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  Special edition Eurosite eNewsletter
  WETLANDS AND CLIMATE CHANGE

Setting the scene

Why wetlands are important to mitigate climate change
As a result of climate change we can expect to see changes in our climate that are greater than anything we have previously experienced. Healthy wetlands offer us a number of opportunities to help adapt and manage some of these future changes.

Photo: Freshwater and wetland plant species in Scotland © Andrew McBride
Wetlands and the global climate change policy context
Around 64% of wetlands have been lost since 1900 through drainage and conversion, and much of those that remain are under growing pressure from economic and infrastructure development. Global policy frameworks acknowledge this and give countries the responsibility to mainstream the protection and restoration of wetlands or freshwater systems and their services as a vital strategy for a sustainable and secure world.
Incorporating climate change in site management plans
A changing climate, with rising temperatures and changing rainfall patterns presents a risk to many wetland habitats, but changing management offers the potential opportunity to reduce adverse impacts. Reducing these risks and impacts is becoming an important part of nature conservation, but to be effective it needs to be thoroughly integrated into broader management objectives.

Photo: Stiperstones National Nature Reserve © Simon Duffield
Wetlands and peatlands at the COP22
According to a recent study of Wetlands International, peat soils cover only 3% of land but hold more carbon than all global forest biomass. Many countries can kickstart national emission reductions by focusing on drained peat soils. The COP 22 climate change conference in Marrakech from 7 to 18 November 2016 hosted some key side events on wetlands and peatlands.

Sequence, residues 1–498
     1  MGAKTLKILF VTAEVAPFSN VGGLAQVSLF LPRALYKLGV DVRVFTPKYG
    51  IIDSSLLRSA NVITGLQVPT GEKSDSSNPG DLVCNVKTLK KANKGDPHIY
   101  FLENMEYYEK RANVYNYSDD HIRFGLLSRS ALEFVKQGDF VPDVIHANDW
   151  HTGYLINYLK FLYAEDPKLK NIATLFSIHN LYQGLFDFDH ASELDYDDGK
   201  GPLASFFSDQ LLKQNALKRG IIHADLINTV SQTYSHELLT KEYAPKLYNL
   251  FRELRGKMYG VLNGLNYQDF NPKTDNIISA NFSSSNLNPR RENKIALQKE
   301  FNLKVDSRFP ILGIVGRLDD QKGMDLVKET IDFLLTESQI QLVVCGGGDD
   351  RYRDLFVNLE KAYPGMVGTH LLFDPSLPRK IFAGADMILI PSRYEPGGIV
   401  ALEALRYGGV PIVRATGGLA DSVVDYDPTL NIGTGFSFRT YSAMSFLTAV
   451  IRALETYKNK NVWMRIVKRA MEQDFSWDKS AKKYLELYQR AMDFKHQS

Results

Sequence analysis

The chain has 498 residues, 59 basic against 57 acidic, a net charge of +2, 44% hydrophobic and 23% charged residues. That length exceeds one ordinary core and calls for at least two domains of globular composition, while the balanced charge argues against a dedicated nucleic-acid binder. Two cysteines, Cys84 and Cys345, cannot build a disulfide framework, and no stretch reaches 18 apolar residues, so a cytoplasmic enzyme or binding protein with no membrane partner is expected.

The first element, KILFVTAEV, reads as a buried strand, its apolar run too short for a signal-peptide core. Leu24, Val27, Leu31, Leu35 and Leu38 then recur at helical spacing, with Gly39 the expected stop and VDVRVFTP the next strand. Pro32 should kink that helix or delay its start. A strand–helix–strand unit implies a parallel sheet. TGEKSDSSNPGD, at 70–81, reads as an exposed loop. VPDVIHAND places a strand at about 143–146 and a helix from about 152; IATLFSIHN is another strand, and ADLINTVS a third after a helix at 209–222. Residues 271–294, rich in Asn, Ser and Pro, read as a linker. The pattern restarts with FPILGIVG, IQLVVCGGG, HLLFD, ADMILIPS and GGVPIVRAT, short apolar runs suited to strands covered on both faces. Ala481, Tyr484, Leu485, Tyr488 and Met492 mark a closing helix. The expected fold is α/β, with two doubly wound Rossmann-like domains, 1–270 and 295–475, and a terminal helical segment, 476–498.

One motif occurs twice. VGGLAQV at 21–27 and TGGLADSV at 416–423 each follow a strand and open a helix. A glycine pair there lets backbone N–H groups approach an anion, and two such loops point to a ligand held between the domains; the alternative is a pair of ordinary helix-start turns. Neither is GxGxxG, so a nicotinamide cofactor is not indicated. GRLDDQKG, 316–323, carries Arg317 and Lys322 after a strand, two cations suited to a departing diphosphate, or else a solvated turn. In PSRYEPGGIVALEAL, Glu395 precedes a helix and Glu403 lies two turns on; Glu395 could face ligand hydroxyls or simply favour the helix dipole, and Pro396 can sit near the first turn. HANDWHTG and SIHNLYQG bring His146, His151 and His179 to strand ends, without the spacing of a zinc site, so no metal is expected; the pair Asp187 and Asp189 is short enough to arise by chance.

Wetlands need community involvement
Wetlands do not save themselves: they need defending. They are vulnerable: sensitive to being polluted, drained and ending up as rubbish dumps or building sites. They are also commonly undervalued. Because of this combination of being vulnerable and undervalued, encouraging community involvement is vital.

Photo: Trapping of migratory swallows at roosting time in mist nets in the Vallée des Baux, France © Chris Walley

Putting in practice

Peatlands in the Nordic-Baltic region
The Ramsar Convention on Wetlands provides a framework for national action and international cooperation for the conservation and wise use of wetlands and their resources. The Nordic Baltic Wetlands Initiative is a Ramsar regional initiative that initiated a project to assess the importance of Nordic-Baltic peatlands for climate regulation in 2013.

Photo: Restored Kauhaneva peat in Finland © Jari Ilmonen
Dutch Natural Climate Buffers
The Dutch Coalition Natural Climate Buffers can continue its work on nature-based solutions for climate change. Participation in the LIFE integrated project ‘Delta Nature’ is facilitating them to coordinate the work by its eight collaborative partners. The Coalition will also host the Eurosite Climate Buffers Study Tour in June 2017.

Photo: Climate buffer providing flood prevention for the city of Groningen © Natuurmonumenten / Geurt Besselink
Estimate river flows to set climate change goals
The protected area of Axios-Loudias-Aliakmonas in Greece is an extended coastal wetland. Its management authority identified that impending climate change will add to and magnify pressures and risks that are already present in the watershed. It therefore commissioned a study on the ecological flow in Axios and Aliakmonas rivers.

Photo: Wet meadows in the Axios river © Lia Papadranga
Sponges as a nature-based solution for flood prevention
Natural water retention by restoring wetland ‘sponges’ in the upstream sections of the river basin can contribute to flood prevention in the Rhine basin. Relatively small interventions in small areas can make a big difference in slowing down the discharge of an entire river basin if both land use and drainage are taken into account.

Image: Role of a sponge in the upstream section of a river.
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